1) Blessing & Consecrating your tools: Place all supplies and tools on your altar. Pass a representation of the elements over each tool and supply asking the elemtal guardians to bless and protect these items. Pass the Incense over items and say: "Guardians of the East, element of Air, bless and protect these tools that I might serve the Lord and Lady for the good." {Remember the needfire candle can represent the south - fire, Holy water can represent the West - water, Salt can represent the Noth - Earth}. Hold you hands over the altar saying: "I bless and consecrate these items for my seeker ceremony. May no evil or negativity abide in thee. May the blessings of the Lord & Lady (or Spirit) descend upon this altar and these tools. So mote it be."

2) Set up your ritual site: Place a candle at each of the quarters - using your compass to find the exact location. *If doing your ritual outside walk the area first asking the fairies for permission to use their space and to protect you during this special ceremony. Stand before your altar and take a few deep breathes. Ground - feel yourself rootend to the earth, and center - find that calm spot deep within you, where the power flows.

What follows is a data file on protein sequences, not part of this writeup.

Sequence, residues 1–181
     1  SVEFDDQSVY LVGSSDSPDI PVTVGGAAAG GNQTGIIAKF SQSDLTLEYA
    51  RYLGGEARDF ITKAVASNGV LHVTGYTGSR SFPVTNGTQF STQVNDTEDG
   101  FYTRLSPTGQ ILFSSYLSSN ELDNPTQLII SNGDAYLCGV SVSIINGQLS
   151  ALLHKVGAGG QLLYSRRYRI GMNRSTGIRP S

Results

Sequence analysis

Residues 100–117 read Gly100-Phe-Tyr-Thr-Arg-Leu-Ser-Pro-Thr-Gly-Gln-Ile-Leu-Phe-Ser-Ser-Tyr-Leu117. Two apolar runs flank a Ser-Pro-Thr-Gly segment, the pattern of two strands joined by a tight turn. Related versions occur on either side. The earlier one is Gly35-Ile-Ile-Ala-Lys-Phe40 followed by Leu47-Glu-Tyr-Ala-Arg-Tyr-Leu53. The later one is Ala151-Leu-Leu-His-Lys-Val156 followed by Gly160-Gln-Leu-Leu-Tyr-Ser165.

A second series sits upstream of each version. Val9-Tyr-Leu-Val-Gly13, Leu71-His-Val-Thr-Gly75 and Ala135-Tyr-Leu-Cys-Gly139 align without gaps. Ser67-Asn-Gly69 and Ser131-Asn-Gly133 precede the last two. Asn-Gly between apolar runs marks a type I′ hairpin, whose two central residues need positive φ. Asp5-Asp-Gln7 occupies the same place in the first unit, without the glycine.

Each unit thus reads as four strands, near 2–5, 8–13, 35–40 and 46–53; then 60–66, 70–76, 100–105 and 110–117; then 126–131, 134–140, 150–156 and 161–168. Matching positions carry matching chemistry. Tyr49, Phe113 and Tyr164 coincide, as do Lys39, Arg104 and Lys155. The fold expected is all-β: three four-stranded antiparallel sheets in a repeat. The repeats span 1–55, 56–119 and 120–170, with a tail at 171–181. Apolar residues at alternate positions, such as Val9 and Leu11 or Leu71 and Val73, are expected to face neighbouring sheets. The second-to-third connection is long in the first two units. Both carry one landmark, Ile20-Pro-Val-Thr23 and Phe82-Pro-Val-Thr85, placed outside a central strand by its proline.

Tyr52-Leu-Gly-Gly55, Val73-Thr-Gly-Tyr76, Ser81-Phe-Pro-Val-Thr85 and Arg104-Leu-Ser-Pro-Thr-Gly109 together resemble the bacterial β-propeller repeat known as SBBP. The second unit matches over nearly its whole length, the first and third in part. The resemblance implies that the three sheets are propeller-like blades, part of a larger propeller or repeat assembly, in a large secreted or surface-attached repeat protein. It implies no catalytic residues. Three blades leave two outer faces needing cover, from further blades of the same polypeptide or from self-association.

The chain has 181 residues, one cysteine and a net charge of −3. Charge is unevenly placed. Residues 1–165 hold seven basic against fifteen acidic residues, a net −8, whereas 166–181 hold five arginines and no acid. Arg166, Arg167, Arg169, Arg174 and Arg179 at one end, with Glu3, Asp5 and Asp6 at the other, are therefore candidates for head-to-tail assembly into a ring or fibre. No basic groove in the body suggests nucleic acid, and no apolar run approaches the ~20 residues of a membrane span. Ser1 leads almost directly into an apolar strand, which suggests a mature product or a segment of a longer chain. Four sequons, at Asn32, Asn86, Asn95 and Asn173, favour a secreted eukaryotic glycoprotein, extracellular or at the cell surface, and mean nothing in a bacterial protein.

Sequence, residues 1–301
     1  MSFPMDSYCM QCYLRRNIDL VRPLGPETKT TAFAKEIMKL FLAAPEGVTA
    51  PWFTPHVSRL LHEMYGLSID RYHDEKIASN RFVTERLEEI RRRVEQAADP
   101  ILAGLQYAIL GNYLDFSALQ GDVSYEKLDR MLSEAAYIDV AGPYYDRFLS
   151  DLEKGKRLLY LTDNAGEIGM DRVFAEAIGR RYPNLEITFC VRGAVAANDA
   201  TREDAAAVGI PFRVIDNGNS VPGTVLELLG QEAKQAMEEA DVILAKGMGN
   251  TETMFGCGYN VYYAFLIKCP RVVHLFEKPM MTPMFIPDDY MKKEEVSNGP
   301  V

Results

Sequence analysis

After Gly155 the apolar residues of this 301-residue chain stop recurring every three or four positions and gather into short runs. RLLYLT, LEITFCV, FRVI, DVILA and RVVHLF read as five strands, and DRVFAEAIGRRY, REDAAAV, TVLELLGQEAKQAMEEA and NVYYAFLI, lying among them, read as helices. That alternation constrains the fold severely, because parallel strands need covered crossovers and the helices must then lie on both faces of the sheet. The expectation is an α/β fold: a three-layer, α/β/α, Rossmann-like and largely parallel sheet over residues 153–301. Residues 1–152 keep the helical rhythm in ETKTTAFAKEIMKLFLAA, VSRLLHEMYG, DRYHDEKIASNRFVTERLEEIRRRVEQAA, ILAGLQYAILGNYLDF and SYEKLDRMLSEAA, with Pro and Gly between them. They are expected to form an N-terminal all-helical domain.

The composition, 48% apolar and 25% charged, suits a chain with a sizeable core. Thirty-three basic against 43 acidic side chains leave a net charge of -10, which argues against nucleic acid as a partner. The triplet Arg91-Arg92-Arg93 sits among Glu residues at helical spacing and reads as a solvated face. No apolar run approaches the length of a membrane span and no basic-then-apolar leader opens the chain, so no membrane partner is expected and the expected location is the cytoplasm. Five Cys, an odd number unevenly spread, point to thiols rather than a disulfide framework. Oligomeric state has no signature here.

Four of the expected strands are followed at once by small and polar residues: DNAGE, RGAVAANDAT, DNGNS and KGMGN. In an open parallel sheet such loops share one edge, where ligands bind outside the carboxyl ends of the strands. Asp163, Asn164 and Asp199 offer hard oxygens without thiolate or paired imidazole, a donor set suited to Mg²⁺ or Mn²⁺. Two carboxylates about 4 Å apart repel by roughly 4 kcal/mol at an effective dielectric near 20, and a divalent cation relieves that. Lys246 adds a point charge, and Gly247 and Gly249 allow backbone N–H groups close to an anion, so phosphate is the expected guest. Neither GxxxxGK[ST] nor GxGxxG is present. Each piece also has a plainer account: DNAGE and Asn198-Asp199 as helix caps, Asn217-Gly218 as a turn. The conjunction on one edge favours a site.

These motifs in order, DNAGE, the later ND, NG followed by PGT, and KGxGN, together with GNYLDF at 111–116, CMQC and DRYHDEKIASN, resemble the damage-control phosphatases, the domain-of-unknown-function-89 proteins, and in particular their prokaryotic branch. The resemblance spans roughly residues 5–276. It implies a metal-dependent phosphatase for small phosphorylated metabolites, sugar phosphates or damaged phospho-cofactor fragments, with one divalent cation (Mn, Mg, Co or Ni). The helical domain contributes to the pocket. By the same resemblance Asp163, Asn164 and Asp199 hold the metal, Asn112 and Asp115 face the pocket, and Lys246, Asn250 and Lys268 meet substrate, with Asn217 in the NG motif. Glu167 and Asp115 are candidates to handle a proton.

3) Casting the Circle & Calling the Quarters: (see previous posts on 4/19/07)

4) Calling Deity: Move to the center of your circle facing your altar, stand in the God position (Arms crossed over chest, looking down toward the ground). Close your eyes and feel the connection to God in your body - strong pulsing with power, a reverbaration deep within your being. Slowly shift to the Goddess position (Arms open wide toward the sky - like a Y - looking up at the sky). Taking deep breathes feel your connection to the Goddess - a warmth and sensual pulse of comfort, like you're getting a hug from within. Say: "Holy Mother, Divine Lord, I welcome you into this circle for my seeker ritual. Come to me and bless me and bless me with thy divine presence. Gift me, please, with your special powers. I have come to this day (eve) to proclaim my interest in the knowledge and spirituality in the Craft of the Wise." Feel for the stronger pulse of the deity's presence within yourself.